As expected, House Natural Resources Committee left American taxpayers out to dry on coal royalties

In yesterday’s hearing, some on the House Natural Resources Committee defended the government’s broken system for overseeing coal production, valuation, and royalties—even when that system means millions of lost dollars for American taxpayers.

Fortunately, there are alternatives:

First, there’s the former director of the Montana Department of Revenue, Dan Bucks. Bucks underscored in the hearing that the proposed ONRR rule—which would change the point at which coal is valued to ensure that taxpayers are getting realistic royalties from coal mined on public lands—is the least that can be done to ensure taxpayers a fair share.

In addition, there are a few members of the House and Senate who want to stand up for American taxpayers, and have introduced legislation seeking to reform these loopholes. In fact, in yesterday’s hearing, Rep. Cartwright introduced his own bill to combat unfair coal valuation practices. Here’s what you should know:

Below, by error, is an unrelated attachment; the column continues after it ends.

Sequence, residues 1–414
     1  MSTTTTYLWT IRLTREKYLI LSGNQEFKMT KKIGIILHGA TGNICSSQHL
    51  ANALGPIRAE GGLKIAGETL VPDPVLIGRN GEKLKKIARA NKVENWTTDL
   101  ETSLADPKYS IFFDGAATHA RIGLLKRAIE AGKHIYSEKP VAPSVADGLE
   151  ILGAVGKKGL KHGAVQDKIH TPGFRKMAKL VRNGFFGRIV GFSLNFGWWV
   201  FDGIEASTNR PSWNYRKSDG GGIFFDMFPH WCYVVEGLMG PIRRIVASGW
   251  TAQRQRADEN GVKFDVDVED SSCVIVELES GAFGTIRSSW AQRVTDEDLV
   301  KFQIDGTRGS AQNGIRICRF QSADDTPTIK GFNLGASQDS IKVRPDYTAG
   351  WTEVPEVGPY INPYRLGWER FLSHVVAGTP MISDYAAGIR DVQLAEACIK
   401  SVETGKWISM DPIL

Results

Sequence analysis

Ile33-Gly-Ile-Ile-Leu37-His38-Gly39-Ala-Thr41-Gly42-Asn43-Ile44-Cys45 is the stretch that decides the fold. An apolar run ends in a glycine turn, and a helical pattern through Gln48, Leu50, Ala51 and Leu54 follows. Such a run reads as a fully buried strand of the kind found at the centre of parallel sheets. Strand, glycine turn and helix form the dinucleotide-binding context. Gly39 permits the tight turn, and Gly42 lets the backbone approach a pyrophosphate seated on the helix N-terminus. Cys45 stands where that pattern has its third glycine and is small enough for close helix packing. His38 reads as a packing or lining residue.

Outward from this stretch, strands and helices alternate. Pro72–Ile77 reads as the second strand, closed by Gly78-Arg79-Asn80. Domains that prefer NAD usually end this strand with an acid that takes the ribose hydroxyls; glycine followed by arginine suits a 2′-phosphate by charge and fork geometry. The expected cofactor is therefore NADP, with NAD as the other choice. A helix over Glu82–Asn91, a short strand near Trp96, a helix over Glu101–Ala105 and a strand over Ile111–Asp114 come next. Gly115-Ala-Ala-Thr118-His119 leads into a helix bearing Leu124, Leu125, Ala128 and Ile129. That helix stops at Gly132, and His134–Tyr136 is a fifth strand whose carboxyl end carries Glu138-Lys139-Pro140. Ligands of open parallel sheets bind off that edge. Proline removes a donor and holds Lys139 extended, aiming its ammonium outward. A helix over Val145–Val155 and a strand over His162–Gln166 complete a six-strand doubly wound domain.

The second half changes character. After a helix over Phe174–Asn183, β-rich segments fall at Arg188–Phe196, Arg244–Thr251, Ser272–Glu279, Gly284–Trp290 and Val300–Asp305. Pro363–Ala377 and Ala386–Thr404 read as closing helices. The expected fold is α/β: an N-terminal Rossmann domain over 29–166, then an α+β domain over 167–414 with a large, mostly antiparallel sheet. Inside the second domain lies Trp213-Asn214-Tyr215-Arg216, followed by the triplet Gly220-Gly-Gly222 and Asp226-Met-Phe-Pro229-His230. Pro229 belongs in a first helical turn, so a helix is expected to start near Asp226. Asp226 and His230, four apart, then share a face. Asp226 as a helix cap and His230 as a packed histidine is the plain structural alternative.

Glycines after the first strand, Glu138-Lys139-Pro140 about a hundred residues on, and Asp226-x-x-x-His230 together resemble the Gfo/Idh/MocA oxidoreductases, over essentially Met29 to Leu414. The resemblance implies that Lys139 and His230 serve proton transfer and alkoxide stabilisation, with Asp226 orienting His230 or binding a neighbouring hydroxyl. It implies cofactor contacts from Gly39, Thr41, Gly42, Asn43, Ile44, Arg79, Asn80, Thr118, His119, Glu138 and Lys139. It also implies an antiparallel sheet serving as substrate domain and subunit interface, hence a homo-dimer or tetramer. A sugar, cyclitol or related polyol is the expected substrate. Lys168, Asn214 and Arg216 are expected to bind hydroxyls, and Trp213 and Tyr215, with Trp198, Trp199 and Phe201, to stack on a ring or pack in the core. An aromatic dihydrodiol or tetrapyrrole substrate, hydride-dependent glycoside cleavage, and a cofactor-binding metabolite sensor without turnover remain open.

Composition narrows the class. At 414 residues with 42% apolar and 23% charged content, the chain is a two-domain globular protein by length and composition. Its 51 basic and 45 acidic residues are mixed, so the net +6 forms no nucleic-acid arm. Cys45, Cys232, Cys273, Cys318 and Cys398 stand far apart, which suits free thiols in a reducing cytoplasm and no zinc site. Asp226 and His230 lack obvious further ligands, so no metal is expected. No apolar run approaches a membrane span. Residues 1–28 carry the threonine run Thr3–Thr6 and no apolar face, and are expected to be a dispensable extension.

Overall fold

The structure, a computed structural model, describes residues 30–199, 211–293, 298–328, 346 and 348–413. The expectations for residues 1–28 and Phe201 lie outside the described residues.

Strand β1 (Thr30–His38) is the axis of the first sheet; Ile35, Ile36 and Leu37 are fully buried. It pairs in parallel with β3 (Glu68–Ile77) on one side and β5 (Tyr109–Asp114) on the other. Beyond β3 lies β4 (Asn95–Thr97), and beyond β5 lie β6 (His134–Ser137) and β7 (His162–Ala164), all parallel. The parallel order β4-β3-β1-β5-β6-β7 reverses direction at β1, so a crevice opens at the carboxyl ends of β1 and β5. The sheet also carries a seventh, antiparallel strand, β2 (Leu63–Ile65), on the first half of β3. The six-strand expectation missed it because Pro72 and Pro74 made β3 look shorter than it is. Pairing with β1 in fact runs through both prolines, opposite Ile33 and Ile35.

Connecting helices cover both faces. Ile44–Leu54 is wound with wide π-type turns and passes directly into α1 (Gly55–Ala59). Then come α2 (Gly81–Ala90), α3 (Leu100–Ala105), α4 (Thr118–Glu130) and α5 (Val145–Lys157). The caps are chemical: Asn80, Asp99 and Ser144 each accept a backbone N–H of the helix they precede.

It’s important that some of our elected officials are fighting on behalf of taxpayers—but the way the majority is pushing for coal companies to win out above all else, it’s not enough. The ONRR rule is needed to ensure that taxpayers’ interests aren’t forgotten in the frenzy of Congress.

If you missed yesterday’s hearing, you can watch the whole thing here.

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